The Fed's plans for modifying policy implementation will actually matter little for the how monetary policy works. Whatever the means, the basic idea is to use monetary policy to influence short-term nominal interest rates by targeting an overnight interest rate, just as was the case before the financial crisis. The key issue in the implementation appears to be how the ON RRP facility should be managed. What should the ON RRP rate be? Should there be quantity caps on ON RRPs? If there are caps, how large should they be? A smaller difference between the IOER and the ON RRP rate potentially tightens the bounds on the fed funds rate. However, the majority of fed funds market activity currently consists of activity to (imperfectly) arbitrage the difference between the interest rate that GSEs can earn on reserve balances (zero) and the IOER. That arbitrage activity should disappear if the IOER/ON RRP rate margin decreases sufficiently, in which case the effective fed funds rate could actually increase above the IOER. As well, the smaller the IOER/ON RRP rate spread, the larger the quantity of ON RRPs relative to reserves on the liabilities side of the Fed's balance sheet. This distributes Fed liabilities differently in the financial system, in ways that we perhaps do not understand well, and with unclear implications.
How long after liftoff will the Fed's altered financial market intervention persist? This depends on how long it takes for the Fed's balance sheet to "normalize." In this case, normality means a balance sheet for which currency accounts for most of the Fed's liabilities, as was the case prior to the financial crisis. Currently, total Fed liabilities are about $4.5 trillion, of which $1.3 trillion is currency and $3.2 trillion consists of other liabilities, including reserves and ON RRPs. Currency as a fraction of total Fed liabilities can increase through two means: (i) assets disappear from the Fed's balance sheet; (ii) the demand for currency goes up. Assets can disappear from the Fed's balance sheet because they mature or are sold. The FOMC Policy Normalization Principles and Plans state no plans for selling assets - either Treasury securities or mortgage-backed securities. The plans specify that reinvestment in assets will continue until after liftoff, i.e. currently the size of the Fed's asset portfolio is being held constant in nominal terms. Therefore, there are currently no plans to reduce the quantity of assets on the Fed's balance sheet until after liftoff. Thus, for now, reductions in the quantity of non-currency liabilities will happen only as the stock of currency grows.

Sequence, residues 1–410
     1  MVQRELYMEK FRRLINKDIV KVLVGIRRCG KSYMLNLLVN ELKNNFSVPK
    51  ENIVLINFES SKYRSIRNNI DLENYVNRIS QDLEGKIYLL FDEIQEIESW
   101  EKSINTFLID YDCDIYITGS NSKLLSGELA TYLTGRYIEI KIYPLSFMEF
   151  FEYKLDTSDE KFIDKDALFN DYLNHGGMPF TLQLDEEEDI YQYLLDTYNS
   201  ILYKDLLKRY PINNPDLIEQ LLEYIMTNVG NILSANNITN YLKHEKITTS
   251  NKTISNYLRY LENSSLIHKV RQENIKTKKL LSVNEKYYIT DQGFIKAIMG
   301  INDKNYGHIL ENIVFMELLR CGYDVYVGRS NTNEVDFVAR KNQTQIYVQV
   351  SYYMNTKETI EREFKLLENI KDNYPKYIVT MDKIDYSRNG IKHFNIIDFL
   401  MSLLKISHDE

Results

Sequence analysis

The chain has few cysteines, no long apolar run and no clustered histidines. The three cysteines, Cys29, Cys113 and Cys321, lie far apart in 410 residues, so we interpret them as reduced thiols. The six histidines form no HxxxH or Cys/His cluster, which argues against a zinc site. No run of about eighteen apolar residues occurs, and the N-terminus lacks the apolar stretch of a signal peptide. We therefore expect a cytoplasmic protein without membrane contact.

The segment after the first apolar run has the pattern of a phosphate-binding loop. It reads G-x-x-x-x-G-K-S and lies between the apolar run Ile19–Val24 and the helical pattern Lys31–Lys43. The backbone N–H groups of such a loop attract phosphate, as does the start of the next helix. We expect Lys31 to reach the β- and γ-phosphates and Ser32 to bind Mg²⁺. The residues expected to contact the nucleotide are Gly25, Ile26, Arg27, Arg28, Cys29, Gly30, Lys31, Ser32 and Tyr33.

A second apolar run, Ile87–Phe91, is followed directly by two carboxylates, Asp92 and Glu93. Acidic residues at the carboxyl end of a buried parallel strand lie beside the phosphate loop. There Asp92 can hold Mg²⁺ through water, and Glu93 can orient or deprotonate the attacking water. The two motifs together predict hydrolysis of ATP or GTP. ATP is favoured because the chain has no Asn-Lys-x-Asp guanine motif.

So, how long will it take until the Fed is in a position to conduct policy exactly as before the financial crisis? If the Fed continued its reinvestment program, and if currency grew at 5% per year, it would take more than 25 years for Fed liabilities to consist of currency alone. An end to reinvestment could mean that normalization could happen in 10 years or less, barring circumstances in which the Fed chooses to embark on new quantitative easing programs. Thus, in any case, and under current announced plans by the FOMC, the current regime - a type of floor-on-the-floor monetary regime - should be with us for some time.
It seems that the massive expansion of reserves hasn't had much effect on inflation because the demand for money has increased not because people think the money expansion is not permanent. The monetary system isnt offering enough reward for risk so entities are holding reserves a lot more.ReplyDelete
The central bank needs to expand liquidity to entities that have a much lower and more stable demand for money like the general public. Policy is so much easier this way.
Maybe a dumb question, but why does the IOER not serve as a floor? Why are banks lending at less than the IOER in the fed funds market?ReplyDelete
Details are in this previous post:Delete
thanks! very clear explanation.Delete